Team Four - What should you do about your church if is falling apart because of a general spirit of pride, selfishness and gossip? Explain in 5 minutes...

Deliberating on who wrote the most complete, accurate, creative and helpful answer.
We wait to hear the verdict!

Team Two thinking fast: Question: Explain in less than 5 minutes why Amendment 2 was adopted by the majority of Missouri voters in 2006 and what it does to change our constitution and laws that are made today.

After the time limit expired, the teams raced their answers back to the judges who had four minutes to decide on the best answer and the second-best answer.
Teams scored points for each winning answer.

Part II -

The next part of the game was the debate.
Each team chose one team member to compete in a mini-debate.
Each of the four selected had one minute to make a convincing argument for whatever topic the judges assigned to them. In this case, it was health food and spending a lot of time on a healthy lifestyle. Two were told to argue in favor, and two against. Each of the four separately presented their case, then the judges voted for the two best cases made.

The two who the judges chose then debated one another - once again on the health food topic. This time they (Rob - left and Erik - right) had to switch sides and argue for the other.

Rob argued for living your life enjoyably, not wasting time on health food crazes or worrying about a "few extra pounds, since you can't take them to heaven with you anyway.."

Erik argued for healthy living, citing God's reasons for giving healthful Old Testament laws of eating and living... and told Rob that he should take note that God didn't put a McDonalds in the Garden of Eden.

Rob ultimately won the debate (though the judges had a hard time deciding once again), laughing off the notion that McDonalds argument was a valid point. As Rob said, "Who says McDonalds is the pinacle of enjoyment, anyway, for those who live to enjoy life? Maybe I like fruit or chocolate!"

The rest of us gathered to listen to the debate - it was hilarious - some of the best entertainment of the evening as twilight settled over the yard.

Part III

Each team was given a 10 pound bag of ice to melt without using a stove. Matches, candles, small lighters and other creative methods were allowed. All the water from the ice had to be saved. The team to melt theirs first received more points toward the total winning score.

Creative methods = why not try the muffler? It actually worked pretty well!

Or simply try body heat...
Can anybody say C-O-L-D after rubbing all those ice cubes in their hands?!

After the ice had been melted using hot water, salt, hands, mufflers, motors, candles, matches, standing in the bathtub with the ice, everyone filed inside for the ice cream feeding contest.
Yes, you read that right. It was ice cream feeding, not just ice cream eating!

Each person chooses a partner and they are both blindfolded, sitting opposite each other.

Each team of two is handed one cup of ice cream with two spoons in it. The goal is to finish the cup of ice cream before any of the other teams. There are only a couple of rules:
1. You may not put any ice cream in your own mouth, only your partner's mouth.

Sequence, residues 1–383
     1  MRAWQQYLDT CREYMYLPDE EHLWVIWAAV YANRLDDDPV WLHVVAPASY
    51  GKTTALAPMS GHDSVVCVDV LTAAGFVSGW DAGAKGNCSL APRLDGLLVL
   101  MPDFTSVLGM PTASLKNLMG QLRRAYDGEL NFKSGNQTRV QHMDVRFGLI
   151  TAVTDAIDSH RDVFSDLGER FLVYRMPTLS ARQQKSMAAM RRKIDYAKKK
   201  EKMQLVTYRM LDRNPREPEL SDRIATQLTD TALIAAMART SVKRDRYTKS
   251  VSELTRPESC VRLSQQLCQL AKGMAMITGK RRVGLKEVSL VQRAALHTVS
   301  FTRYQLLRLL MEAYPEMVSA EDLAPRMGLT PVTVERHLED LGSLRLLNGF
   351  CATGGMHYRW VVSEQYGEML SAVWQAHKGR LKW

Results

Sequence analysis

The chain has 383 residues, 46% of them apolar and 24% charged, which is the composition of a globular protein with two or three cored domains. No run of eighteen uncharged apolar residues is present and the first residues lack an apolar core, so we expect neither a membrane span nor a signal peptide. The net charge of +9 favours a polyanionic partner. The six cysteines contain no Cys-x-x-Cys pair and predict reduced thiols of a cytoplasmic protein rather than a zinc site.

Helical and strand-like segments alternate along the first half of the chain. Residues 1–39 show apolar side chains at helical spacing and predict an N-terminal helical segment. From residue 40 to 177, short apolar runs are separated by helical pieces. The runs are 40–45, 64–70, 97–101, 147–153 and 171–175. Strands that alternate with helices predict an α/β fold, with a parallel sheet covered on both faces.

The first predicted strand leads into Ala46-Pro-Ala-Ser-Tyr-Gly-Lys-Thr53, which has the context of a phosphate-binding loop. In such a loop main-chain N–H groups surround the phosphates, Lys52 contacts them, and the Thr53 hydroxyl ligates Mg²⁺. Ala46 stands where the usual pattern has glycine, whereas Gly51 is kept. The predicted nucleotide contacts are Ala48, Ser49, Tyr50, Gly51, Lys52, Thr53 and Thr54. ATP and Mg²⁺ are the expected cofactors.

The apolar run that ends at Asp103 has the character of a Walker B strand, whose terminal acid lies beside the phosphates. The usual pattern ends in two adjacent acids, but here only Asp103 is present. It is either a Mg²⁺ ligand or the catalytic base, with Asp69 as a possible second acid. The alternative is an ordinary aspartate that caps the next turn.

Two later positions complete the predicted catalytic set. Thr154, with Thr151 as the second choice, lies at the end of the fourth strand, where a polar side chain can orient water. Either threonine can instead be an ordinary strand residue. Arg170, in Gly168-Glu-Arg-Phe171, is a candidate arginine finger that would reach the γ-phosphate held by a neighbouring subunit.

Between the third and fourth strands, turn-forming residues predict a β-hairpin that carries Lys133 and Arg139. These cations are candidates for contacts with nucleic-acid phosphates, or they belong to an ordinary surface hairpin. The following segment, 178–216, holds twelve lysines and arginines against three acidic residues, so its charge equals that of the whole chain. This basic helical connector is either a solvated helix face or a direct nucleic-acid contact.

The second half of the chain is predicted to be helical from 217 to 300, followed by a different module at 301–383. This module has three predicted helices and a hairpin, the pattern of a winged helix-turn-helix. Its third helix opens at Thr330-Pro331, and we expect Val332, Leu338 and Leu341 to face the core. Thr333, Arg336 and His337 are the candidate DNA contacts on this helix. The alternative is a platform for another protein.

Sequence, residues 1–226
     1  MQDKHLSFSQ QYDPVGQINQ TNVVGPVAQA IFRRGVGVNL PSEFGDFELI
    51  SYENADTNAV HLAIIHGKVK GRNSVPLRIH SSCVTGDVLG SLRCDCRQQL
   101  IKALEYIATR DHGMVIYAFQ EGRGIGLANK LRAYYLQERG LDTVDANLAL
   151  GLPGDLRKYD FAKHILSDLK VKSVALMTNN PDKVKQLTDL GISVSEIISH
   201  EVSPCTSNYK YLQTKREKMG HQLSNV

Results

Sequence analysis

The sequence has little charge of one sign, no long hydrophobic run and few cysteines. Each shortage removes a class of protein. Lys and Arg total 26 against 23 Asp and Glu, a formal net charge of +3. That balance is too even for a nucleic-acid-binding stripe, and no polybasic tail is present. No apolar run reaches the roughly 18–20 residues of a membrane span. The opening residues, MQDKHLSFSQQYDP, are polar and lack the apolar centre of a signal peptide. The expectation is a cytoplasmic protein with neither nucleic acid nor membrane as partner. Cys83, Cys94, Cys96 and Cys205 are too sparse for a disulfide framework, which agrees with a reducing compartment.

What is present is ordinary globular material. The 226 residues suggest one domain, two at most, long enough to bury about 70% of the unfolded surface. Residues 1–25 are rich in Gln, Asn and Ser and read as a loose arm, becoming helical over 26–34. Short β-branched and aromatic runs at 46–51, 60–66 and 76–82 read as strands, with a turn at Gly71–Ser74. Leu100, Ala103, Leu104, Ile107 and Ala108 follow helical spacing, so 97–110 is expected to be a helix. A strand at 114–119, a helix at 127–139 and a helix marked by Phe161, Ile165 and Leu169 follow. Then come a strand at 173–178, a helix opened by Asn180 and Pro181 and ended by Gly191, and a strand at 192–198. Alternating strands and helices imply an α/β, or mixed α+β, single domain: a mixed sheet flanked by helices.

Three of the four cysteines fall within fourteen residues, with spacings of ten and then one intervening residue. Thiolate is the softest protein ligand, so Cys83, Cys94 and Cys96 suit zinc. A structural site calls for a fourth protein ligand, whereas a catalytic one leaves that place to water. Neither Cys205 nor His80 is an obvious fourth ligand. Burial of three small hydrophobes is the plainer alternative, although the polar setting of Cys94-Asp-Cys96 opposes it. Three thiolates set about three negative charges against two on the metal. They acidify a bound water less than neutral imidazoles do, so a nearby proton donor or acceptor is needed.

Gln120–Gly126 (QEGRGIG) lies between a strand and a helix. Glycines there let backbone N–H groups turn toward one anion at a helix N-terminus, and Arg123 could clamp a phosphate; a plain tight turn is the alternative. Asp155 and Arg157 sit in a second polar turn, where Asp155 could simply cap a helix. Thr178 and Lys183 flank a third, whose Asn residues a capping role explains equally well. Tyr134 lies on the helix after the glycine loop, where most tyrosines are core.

2. It may not be fed with hands, it must be fed with the spoon!

Dad and Mom decided to get in on the fun!

Ice cream feeding over... time to relax, visit and unwind!

There are ALWAYS some people who want to play spoons til well past midnight!

Abby and Sarah decided that we had to see "Meet Captain Ahab." Unfortunately, most of their "victims" weren't drama queens so it wasn't as funny as usual, they said.

Late night chatting, laughing, stories....

Sad goodbyes.... but we had so much fun!

Wednesday, June 24, 2009

Lord, If It Pleases You, It Pleases Me

My friend, Jessica, has shared some lovely thoughts (from Nancy Leigh DeMoss) on meekness over on her blog.
Definitely worth the read!
"...Meekness says, 'Lord if it pleases You, it pleases me. I don’t have to understand. I don’t have to agree. But I accept; I receive the choices that You have brought into my life.' "

Read the rest on Jessica's blog:

Monday, June 22, 2009

Favorite Summer Pie

Pineapple Pie

This pie is a light, cool and absolutely delicious treat on a hot summer day.
You can even feel pretty good about eating it since it's made mostly from fruit juice!

~ Pre-baked 8" pie shell (we usually make one from scratch, using coconut oil)

~3 c. pineapple juice, divided
~1/3 c. orange juice concentrate
~1/2 c. honey
~3 T. lemon juice
~pinch of salt
~3 T. instant milk powder
~1/2 c. cornstarch

Combine 2 cups of the pineapple juice with all other ingredients, except the cornstarch.
Combine 1/2 c. cornstarch with 1 c. pineapple juice in a separate container.
Bring the first mixture (orange concentrate, etc) to a boil over medium heat.
Add cornstarch mixture. Cook, stirring constantly til thickened.
Pour into pre-baked pie shell or graham cracker crust.
Immediately cover with plastic wrap (if you wait til it cools, the plastic wrap won't come off) and chill. Slice and serve.
I promise... if you like pineapple, you will LOVE this pie! Our dear friend and neighbor, Debbie G, had several of us girls over and taught us how to make all kinds of pies many years ago. This is Debbie's recipe, but we've been making it ever since! :)